[SeBsZ] tipped us off that he’s working on a display using RGB LEDs. He’s etched some nice surface mount controller boards to carry the ATmega8 microcontroller and NXP PCA9635 drivers. This setup uses the I2C bus to address each expansion board of 5 LED modules. Theoretically this hardware would allow for 638 RGB modules but because of power and refresh rate issues he’s set his sights on reaching somewhere between 100-125, a total of about 25 expansion boards.
There’s not a ton to show off yet. But we expect big things from the project. Partly because one of his goals is to generate a display that can be rolled up and easily moved, and partly because his large-scale light bulb displays are so impressive. Take a look at the video of his 60-bulb unit after the break.
Continue reading “RGB display development”
[Tom] wanted to take the show on the road so he added lights to his bike using theater grade control hardware. The picture above shows three tail lights comprised of 195 LEDs. Built on perf-board, a DMX512 controller can display several patterns on each module. The lighting technician (bike pilot) controls the patterns through a series of switches on the handlebars. There’s several pages of details posted including schematics and firmware. This would bring a little extra fun the next time you ride in a Critical Mass event.
[lucassiglo21] let us know about his finished 3 axis CNC (Translation via Google). While home CNCs are nothing new, we really liked this masterpiece. The CNC is entirely custom, from the electronic control boards (connected to a PC via parallel port) to the physical mill (with an end result of 30x30x15cm workable area). Our favorite part is the use of screw/band clamp zip ties to hold the Dremel – a true showing of hacker geekyness. For those who haven’t seen a CNC drill a circle before (and honestly, who hasn’t?), check a video after the break.
Continue reading “CNC brought to you by zip ties”
As an engineer and as a writer for Hack a Day, I am used to seeing hardware in all kinds of states; from looking professionally done, to artfully constructed, to downright hackish. Unfortunately in today’s society of manufactured goods, most people just don’t have any experience with homemade electronics. Furthermore, because of a frenzied fear of terrorists, bombs, and IEDs, people who aren’t familiar with hacked or personally constructed hardware often assume the worst.
Continue reading “Editorial: Fear of the Unusual”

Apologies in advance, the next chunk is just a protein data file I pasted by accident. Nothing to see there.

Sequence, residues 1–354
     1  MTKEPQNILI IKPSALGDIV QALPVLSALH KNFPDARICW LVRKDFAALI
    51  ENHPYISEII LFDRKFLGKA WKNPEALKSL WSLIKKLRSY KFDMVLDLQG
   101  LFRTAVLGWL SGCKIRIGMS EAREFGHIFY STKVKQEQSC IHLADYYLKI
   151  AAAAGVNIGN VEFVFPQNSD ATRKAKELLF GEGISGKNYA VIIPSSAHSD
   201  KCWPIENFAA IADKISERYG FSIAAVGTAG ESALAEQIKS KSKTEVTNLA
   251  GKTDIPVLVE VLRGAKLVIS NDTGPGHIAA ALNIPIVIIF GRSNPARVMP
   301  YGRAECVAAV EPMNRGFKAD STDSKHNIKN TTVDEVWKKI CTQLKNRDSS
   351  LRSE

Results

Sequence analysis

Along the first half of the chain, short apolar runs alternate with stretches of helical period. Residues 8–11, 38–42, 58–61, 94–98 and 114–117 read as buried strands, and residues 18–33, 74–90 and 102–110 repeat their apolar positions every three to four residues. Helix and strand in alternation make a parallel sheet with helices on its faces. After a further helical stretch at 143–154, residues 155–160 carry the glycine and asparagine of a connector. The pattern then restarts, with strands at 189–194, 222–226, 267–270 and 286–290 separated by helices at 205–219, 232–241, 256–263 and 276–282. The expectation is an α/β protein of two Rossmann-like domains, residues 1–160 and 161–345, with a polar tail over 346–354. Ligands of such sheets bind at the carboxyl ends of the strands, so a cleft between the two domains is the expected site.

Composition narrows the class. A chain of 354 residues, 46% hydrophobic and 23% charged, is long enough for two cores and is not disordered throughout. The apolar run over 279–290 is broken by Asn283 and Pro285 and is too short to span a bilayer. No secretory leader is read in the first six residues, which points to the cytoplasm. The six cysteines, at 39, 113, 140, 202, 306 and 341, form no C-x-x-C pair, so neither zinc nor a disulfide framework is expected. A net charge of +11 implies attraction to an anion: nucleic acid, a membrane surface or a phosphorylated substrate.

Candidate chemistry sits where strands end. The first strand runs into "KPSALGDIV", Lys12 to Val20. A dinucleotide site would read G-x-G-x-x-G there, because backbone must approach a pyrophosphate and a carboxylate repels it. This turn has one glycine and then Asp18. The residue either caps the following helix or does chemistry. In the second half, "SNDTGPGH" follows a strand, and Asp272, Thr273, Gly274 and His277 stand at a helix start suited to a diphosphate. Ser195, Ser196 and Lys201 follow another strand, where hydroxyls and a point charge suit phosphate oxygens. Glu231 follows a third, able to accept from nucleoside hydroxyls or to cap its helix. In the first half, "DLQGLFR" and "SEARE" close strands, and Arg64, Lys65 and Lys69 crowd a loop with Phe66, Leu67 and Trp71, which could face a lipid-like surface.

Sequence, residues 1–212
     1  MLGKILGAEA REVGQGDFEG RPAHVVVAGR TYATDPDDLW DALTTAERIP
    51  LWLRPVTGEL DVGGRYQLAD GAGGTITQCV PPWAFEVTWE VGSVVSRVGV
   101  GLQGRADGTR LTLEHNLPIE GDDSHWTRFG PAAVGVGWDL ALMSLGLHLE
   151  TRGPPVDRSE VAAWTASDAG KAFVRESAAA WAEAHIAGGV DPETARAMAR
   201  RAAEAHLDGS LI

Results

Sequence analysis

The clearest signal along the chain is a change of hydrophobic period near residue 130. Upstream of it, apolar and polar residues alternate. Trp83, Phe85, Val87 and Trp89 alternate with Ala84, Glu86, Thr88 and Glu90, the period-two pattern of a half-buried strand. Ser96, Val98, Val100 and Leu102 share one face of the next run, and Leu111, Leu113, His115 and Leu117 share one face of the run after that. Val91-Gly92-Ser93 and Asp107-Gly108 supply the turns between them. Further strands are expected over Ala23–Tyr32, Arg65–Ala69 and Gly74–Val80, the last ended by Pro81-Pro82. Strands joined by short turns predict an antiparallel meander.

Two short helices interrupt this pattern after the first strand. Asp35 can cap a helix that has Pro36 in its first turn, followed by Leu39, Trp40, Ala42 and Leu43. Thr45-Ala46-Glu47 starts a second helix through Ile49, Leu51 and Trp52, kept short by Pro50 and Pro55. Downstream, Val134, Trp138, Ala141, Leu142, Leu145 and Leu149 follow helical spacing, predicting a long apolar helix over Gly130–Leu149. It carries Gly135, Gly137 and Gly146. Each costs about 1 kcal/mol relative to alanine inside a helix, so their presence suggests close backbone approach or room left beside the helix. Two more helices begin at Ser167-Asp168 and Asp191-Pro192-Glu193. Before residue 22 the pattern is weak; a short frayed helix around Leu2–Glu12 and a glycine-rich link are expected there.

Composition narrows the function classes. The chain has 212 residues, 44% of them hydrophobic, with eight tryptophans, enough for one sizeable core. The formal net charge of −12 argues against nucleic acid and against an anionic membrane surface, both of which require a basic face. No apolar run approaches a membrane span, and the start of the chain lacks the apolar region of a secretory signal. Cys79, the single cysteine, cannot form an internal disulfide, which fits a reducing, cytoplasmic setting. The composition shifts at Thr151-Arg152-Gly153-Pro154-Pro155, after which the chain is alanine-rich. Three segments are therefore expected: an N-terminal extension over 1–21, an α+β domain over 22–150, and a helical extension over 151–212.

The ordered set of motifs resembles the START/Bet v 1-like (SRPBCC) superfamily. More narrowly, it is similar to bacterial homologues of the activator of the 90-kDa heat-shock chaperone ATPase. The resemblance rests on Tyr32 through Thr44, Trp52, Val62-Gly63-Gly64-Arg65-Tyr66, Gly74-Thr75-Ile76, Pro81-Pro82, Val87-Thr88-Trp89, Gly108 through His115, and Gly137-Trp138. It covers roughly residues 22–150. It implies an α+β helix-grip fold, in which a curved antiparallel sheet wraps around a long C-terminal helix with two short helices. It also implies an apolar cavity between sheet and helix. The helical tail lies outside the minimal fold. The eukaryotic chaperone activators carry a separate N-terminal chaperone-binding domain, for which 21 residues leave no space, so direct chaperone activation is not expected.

Apple Magic Mouse on Windows
Looks like some folks snooped around the latest Bluetooth update from Apple and managed to extract the Magic Mouse drivers. Now you can use them to take this complex peripheral for a spin on Windows. [Thanks Juan]
Component jewelry: From geeky to gross
[Nikolaus] made a pair of 300k Ohm earrings for his wife. That’s three Brown-Black-Yellow resistors per ear. It’s geeky but in a subtle way. Much more refined than the gross outcome of this other guy’s crass nipple experiments. Need to get the image of nipple-jewelry out of your head? [Nikolaus] has you covered with some 3d printed earrings.
Need your GPS data to be accurate within a centimeter? We don’t either but if you ever do, Real Time Kinematic GPS is what you need. Now you can build one yourself using the RTLIB package. This is based around the powerful and powerfully-inexpensive Beagleboard. [Thanks Jan]
It warmed up here a bit this week and things got slushy. Our Galoshes are nice and water-tight but [David’s] have a big hole in the side and are filled with a mini-keyboard. He’s chosen a rubber boot as the housing for a circuit-bending project. It’s a nice touch that the hidden keys are still playable through the flexible rubber.
SparkFun’s free day came and went as entertainment for some and an infuriating event for others. They filmed some video in their office during the madness to give us a look at how it went on their end. We find it amusing that Solarbotics, one of their competitors, sent them flowers with a card reading “Rest in Peace SparkFun”.
According to [Nate’s] original post, the concept of free day was inspired by reading [Chris Anderson’s] book “Free: The Future of a Radical Price”. We recently finished reading this wonderful work and we’re making it our next book recommendation. [Chris] is editor-in-chief of Wired and has had a ring-side seat as the digital world rose around us. He takes a historical look at what the price of free really means, defining cost by adding more terms like Gratis and Libre to the mix. If you have a good handle on the companies that have defined the 21st Century business model so far you wont’ be able to put this book down.
Now, we should mention something that is remotely related to hacking since we try to do that sort of thing around here. The SparkFun post also reminds those folks lucky enough to get a $100 credit to chronicle and share their projects. We’d love to see them too so get your projects written up and send us the dirty details.